FIG. 2 is a cross sectional view of heart valve holder 50 in accordance with another embodiment engaged with heart valve prosthesis 10. Heart valve holder 50 includes top member 52 having lip portion 54 adapted for engagement with the top rim of heart valve prosthesis body 14. Holder 50 includes interior extensions 56 which conform to the interior surface of heart valve prosthesis body 14 and distal extensions 58 which extend beyond the lower rim of heart valve prosthesis body 14 and occluder(s) 16. Top member 52 includes occluder conforming surfaces 60 which are adapted to conform to occluders 16 when holder 50 is engaged with heart valve prosthesis 10 as shown in FIG. 2. Top member 52 includes suture holes 62 adapted for receiving a suture 64. Suture 64 extends around top member 52, through suture holes 62 and around occluders 16, thereby securing holder 50 to heart valve prosthesis 10. Suture 64 is secured with knot 66. Holder 50 is held against prosthesis 10 at occluder conforming surfaces 60 and lip portion 54 due to the pressure applied on occluders 16 by suture 64. Distal extensions 58 protect occluders 16 from damage during implantation. Following implantation of heart valve prosthesis 10, holder 50 may be removed by cutting suture 64 and disengaging holder 50 from heart valve prosthesis 10. Although only a single suture 64 is shown, multiple sutures may also be used.
FIG. 3 is a cross sectional view of heart valve prosthesis holder 80 in accordance with another embodiment engaged with heart valve prosthesis. Holder 80 includes top member 82 and lip portion 84. An interior extension 86 generally conforms to the interior surface of heart valve prosthesis body 14. Distal extensions 88 extend beyond the bottom of heart valve prosthesis body 14. Top member 82 includes occluder conforming surfaces 90 adapted to conform to occluders 16, as shown in FIG. 3. Top member 82 includes opening 94 adapted to receive locking key 96. Locking key 96 includes interior locking portion or member 98 having occluder engaging surfaces 100 and handle 102.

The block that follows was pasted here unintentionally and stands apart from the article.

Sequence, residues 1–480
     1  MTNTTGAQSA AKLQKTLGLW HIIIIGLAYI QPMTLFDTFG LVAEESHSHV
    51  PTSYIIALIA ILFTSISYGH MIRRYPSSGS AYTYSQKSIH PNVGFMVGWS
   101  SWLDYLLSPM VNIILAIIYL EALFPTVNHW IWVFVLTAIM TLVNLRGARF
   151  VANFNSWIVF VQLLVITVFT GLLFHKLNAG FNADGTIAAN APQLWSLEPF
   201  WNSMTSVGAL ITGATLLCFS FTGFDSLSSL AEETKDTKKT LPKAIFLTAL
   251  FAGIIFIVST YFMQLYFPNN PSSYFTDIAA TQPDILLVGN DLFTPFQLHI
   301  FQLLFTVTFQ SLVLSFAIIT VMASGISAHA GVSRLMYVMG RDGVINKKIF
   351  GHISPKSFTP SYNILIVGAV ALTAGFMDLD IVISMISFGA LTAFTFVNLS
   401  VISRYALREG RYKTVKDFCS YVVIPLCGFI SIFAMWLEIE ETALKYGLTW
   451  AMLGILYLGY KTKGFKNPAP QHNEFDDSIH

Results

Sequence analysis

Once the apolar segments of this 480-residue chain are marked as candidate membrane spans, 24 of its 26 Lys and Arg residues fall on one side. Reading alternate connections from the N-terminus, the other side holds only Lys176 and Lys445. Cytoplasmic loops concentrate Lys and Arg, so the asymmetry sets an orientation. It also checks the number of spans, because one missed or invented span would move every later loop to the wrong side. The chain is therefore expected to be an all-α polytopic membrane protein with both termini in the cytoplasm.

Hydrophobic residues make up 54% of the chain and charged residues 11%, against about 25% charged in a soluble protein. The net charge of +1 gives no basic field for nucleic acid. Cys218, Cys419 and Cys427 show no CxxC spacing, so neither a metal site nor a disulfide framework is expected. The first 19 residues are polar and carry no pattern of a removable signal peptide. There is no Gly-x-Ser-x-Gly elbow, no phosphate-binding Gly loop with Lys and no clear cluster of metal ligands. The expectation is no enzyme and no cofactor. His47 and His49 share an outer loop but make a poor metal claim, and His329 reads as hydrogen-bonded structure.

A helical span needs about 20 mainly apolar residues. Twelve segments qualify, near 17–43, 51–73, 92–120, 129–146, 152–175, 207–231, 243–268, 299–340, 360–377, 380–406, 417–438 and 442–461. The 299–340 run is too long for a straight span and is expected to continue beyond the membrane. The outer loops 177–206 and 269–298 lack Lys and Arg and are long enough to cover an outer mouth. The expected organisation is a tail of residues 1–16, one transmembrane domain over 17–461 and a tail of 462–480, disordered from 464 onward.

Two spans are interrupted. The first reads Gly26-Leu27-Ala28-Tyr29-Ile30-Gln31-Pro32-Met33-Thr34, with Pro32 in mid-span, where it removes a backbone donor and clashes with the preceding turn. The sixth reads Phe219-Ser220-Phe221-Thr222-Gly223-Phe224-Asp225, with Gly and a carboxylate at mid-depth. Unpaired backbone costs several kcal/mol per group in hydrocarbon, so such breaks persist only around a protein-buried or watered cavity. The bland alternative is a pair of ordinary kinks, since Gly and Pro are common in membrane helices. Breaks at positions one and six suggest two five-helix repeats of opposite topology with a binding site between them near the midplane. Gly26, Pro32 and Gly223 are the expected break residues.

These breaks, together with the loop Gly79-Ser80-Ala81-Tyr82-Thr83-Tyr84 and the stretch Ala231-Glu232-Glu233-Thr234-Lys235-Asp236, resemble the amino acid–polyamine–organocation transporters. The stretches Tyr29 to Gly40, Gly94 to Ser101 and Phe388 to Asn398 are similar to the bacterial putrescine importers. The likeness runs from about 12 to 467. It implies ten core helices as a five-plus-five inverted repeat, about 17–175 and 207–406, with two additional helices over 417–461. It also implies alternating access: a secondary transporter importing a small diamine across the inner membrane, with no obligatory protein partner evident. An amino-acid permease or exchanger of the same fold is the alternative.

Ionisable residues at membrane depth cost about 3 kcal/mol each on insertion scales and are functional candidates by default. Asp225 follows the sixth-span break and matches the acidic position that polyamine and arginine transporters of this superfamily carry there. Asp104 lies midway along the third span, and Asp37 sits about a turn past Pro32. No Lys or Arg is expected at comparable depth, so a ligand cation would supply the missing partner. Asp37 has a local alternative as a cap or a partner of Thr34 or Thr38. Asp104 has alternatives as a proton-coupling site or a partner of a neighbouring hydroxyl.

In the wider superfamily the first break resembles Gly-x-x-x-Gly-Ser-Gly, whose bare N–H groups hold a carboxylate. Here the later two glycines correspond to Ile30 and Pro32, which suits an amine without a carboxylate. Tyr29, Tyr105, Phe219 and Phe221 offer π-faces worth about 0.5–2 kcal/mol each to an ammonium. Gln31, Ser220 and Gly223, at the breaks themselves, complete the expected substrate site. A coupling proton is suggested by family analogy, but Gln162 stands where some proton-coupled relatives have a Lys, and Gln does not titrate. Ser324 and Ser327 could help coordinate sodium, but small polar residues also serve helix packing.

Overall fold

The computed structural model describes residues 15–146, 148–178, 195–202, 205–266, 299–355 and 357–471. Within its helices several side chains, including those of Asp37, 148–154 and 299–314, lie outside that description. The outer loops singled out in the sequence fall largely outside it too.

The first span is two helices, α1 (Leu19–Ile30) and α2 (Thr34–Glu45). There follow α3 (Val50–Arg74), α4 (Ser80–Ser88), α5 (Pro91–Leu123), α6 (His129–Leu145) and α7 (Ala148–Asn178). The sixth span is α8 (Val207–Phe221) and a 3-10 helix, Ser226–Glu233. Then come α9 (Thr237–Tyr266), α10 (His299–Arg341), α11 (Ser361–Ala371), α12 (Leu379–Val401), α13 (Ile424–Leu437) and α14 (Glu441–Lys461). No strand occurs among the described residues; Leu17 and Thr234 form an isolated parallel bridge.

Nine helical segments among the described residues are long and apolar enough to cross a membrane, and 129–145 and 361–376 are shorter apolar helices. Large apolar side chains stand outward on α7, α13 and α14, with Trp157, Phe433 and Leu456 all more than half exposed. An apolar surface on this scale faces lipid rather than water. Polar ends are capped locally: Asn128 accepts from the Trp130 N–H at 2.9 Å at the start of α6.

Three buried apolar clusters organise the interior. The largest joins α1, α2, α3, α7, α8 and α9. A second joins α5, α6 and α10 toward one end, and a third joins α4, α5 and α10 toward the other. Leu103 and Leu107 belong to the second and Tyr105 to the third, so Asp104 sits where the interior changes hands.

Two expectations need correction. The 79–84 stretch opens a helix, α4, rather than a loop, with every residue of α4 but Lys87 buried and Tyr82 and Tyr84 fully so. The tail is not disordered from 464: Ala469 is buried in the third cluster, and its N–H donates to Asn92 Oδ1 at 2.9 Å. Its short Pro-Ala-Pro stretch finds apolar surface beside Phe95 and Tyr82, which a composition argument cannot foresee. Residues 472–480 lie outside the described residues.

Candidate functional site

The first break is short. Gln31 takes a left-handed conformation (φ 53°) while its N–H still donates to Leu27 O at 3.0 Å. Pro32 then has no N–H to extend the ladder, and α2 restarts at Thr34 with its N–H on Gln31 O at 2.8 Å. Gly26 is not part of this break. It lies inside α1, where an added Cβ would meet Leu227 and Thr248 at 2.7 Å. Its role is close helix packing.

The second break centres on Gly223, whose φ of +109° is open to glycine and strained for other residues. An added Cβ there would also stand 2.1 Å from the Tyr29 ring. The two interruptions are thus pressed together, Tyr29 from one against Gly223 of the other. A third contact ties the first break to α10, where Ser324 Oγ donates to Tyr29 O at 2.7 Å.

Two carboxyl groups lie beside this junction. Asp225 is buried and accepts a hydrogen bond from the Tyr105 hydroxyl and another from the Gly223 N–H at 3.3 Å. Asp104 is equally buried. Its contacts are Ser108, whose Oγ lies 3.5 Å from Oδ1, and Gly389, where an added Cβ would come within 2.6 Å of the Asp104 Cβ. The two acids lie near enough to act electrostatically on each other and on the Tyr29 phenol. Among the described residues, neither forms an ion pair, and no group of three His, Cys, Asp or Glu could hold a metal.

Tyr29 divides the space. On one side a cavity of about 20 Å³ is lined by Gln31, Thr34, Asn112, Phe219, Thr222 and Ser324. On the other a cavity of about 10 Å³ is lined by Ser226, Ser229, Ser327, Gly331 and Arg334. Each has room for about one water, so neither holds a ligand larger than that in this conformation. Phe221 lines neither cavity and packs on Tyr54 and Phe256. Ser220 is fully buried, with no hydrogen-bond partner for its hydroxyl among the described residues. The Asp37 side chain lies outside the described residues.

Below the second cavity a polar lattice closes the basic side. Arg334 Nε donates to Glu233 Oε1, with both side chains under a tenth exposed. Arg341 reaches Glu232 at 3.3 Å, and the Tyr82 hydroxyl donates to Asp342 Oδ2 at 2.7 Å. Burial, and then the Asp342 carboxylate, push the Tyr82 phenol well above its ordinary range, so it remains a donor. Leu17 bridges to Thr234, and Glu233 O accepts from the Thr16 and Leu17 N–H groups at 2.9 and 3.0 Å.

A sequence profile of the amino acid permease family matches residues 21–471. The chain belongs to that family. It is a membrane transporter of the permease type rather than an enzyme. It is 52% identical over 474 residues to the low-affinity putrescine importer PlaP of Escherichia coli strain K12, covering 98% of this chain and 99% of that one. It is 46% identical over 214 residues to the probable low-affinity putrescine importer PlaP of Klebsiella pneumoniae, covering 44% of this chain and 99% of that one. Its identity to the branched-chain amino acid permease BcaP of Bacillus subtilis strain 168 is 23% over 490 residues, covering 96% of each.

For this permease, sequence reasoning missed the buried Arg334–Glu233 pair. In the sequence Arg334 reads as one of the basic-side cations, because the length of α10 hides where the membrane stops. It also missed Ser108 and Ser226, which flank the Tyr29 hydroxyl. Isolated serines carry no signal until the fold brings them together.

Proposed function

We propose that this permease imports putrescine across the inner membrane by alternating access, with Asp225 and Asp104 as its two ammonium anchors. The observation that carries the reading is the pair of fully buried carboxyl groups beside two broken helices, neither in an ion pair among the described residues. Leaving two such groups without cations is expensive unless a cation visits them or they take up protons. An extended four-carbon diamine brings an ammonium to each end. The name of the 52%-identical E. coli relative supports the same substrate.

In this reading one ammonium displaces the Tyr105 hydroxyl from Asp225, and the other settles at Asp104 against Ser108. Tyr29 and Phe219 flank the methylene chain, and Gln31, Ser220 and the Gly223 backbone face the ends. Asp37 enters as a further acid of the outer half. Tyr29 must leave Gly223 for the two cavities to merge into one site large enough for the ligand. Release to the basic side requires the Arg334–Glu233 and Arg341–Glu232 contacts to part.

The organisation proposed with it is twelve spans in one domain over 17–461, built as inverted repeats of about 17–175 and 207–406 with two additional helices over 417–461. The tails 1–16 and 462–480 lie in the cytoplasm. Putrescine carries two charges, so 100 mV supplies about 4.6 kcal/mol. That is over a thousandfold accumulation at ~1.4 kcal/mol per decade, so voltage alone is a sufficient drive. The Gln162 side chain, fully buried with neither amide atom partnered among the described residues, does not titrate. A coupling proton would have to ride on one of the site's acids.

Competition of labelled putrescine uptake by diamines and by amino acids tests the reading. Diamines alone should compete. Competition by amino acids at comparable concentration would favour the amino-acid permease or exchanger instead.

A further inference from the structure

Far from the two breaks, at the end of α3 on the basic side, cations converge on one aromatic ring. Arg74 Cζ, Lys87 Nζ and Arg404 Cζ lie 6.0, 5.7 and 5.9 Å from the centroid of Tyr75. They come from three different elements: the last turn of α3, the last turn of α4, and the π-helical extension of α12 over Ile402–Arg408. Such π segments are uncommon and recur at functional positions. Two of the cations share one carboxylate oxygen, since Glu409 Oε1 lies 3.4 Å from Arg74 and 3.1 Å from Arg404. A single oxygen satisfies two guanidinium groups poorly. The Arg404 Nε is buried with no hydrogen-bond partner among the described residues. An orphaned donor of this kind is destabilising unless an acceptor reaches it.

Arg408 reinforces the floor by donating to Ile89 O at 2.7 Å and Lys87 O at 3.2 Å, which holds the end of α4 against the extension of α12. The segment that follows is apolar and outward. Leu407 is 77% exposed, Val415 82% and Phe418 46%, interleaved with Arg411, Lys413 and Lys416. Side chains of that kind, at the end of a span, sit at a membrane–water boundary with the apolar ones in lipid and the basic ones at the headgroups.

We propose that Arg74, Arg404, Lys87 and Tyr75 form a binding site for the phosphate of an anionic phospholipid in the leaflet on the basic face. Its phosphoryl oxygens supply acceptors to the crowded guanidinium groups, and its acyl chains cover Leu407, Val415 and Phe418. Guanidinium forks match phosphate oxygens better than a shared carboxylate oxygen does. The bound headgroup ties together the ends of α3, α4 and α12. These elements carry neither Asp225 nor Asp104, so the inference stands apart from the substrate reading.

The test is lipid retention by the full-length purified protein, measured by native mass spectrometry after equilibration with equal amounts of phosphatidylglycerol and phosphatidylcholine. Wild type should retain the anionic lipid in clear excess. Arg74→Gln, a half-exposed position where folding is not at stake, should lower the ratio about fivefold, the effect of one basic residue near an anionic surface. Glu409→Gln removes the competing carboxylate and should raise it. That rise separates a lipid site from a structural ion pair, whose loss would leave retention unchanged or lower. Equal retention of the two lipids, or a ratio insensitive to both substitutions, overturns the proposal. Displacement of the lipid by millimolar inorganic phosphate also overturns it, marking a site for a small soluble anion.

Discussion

Holder 80 is held to prosthesis 10 between conforming surfaces 90 of top member 82 and engaging surfaces 100 of locking key 96. Following insertion and attachment of heart valve prosthesis 10 to the heart tissue annulus of a patient, holder 80 is removed by rotating locking key 96 ninety degrees about the axis of prosthesis 10 such that occluders 16 are freed from occluder engaging surfaces 100. In this position, occluder(s) 16 are disengaged. Thus, prosthesis holder 80 may be removed from valve prosthesis 10. Alternatively, member 98 may be removed from valve holder 80 through opening 94 in top member 82. Holder 80 may then be removed from prosthesis 10. Distal extensions 88 protect occluders 16 during implantation. Variations on this embodiment include changing the position or length of the engaging surface 100 and conforming surface 90. Another variation would be insertion of a key member(s) adjacent to, but not between, occluder(s) 16, which engage distal ends of occluder(s) 16 such that interior extension 86 would not be required.
Alternatively, holder 80 may be held to prosthesis 10 between lip portion 84 and engaging surface 100 of locking key 96.